Better Traffic Networks Through Vehicle and Signal Coordination

My friend Phil Spadaro pointed me to two interesting articles on traffic management techniques being studied by BMW and Audi here and here. The idea is to allow traffic lights and cars to communicate, which would yield better traffic flow, reducing time spent at red lights and, as a consequence, reducing fuel consumption. From the Audi article:

The results obtained during the first travolution project in 2006 were immediate and dramatic: reduced waiting times at traffic signals cut fuel consumption by 17 percent…The secret of this success: the traffic signals in Ingolstadt are controlled by a new, adaptive computing algorithm that Audi developed in cooperation with partners at colleges of advanced engineering and in business and industry. Audi has now developed travolution still further, by enabling vehicles to communicate directly with traffic light systems, using wireless LAN and UMTS links…The traffic signals transmit data that are processed into graphic form and shown on the car’s driver information display screen. The graphics tell the driver for instance what speed to adopt so that the next traffic light changes to green before the car reaches it. This speed, which keeps the traffic flowing as smoothly as possible, can then be selected at the adaptive cruise control (ACC) – but the driver can also delegate this task to the car’s control system.

The savings are significant:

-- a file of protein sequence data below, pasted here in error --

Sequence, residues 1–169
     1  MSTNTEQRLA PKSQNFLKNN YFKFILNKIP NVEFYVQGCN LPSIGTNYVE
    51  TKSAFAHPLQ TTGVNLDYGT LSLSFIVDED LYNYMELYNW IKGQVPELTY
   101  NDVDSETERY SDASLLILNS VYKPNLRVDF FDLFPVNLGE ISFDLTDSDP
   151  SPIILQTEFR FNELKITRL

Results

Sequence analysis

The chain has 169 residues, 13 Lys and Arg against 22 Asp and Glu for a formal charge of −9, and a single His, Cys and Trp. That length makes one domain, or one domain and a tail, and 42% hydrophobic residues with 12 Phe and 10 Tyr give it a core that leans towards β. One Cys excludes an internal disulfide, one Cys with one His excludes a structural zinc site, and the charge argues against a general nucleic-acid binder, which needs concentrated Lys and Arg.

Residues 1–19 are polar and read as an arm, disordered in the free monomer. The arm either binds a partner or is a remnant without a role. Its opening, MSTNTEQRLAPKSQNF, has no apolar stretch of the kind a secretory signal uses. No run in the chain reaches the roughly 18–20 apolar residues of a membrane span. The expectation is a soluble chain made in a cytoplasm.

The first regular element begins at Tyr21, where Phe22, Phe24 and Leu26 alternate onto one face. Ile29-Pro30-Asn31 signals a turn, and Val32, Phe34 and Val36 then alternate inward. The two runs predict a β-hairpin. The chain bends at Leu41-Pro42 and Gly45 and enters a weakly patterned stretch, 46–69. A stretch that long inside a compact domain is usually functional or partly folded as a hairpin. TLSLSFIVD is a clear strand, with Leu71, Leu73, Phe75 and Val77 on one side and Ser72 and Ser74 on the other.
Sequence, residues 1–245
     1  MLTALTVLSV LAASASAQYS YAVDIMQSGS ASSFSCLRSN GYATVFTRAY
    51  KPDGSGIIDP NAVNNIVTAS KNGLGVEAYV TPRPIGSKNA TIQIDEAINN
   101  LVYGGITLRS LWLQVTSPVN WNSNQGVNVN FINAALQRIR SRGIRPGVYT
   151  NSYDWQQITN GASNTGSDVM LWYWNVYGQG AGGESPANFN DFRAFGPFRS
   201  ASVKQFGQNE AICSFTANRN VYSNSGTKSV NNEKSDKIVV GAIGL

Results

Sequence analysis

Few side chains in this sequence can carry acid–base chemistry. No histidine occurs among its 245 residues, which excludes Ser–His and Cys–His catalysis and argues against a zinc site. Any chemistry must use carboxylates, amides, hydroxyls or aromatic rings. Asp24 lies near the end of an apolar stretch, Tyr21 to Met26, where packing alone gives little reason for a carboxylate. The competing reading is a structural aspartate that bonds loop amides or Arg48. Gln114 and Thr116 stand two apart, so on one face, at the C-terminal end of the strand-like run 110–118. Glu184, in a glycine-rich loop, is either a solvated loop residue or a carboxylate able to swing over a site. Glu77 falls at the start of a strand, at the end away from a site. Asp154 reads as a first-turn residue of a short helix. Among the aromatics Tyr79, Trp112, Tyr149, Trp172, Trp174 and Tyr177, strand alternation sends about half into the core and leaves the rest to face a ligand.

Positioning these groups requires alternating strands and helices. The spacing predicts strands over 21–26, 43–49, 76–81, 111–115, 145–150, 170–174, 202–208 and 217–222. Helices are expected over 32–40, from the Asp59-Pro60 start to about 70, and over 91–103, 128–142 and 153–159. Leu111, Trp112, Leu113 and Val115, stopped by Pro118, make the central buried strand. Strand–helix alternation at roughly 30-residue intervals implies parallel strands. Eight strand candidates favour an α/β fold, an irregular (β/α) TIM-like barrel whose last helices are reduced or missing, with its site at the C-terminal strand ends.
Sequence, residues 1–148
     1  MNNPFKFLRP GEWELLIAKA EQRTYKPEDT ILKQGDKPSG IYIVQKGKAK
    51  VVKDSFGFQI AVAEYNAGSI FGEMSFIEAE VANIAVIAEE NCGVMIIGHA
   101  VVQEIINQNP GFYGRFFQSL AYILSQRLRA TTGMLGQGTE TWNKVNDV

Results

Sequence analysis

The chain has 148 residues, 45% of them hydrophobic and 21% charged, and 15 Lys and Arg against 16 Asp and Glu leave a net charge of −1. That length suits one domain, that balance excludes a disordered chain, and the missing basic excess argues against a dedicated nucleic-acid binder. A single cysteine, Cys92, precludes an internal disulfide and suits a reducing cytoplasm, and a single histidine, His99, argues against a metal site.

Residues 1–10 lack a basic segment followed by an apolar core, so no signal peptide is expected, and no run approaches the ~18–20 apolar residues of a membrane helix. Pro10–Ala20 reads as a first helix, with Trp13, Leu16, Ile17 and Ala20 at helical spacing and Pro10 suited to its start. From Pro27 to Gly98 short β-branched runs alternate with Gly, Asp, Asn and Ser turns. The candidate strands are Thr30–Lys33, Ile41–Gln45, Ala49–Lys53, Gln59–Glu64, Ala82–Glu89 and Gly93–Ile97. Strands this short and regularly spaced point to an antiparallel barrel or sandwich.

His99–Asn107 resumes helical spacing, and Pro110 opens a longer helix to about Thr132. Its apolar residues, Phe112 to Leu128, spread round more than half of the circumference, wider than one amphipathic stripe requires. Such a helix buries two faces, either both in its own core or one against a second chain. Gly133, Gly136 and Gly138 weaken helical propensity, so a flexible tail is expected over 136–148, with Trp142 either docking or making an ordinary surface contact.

When the car is part of a network in this way, the driver can reduce the amount of time spent at a standstill and cut fuel consumption by 0.02 of a litre for every traffic-light stop and subsequent acceleration phase that can be avoided. The potential is enormous: if this new technology were applied throughout Germany, exhaust emissions could be lowered by about two million tonnes of CO2 annually, equivalent to a reduction of approximately 15 percent in CO2 from motor vehicles in urban traffic.

I am sure that there are many parts of this whole coordination process that involve some OR. It must be really cool to work on a project like this. On a different, but related, note I also believe that a lot of traffic jams have psychological reasons. People’s curiosity and lack of advance planning can severely influence their driving behavior. One great example of this is the Golden Glades fork here in Miami:

People going north on I-95 (traffic pattern on the right, going upward in the picture) have to decide among one of three directions: taking the Turnpike (letter A in the picture), continuing on I-95 (letter B), or taking the rightmost exit (letter C). It just so happens that most drivers realize that they have to change lanes at the last minute and this fork is constantly congested (even without accidents). There’s a very simple simulation experiment I always wanted to run but never had the time to: simulate the traffic flow when most people decide to change lanes very close to the fork versus the situation when people change lanes at uniformly distributed points way ahead of the fork. I bet you’d see much better flow in the second case. I hope that one day, when computers can drive for us, the driving algorithms will take care of these issues.


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Filed under Applications, Network Flows, Research, Traffic Management

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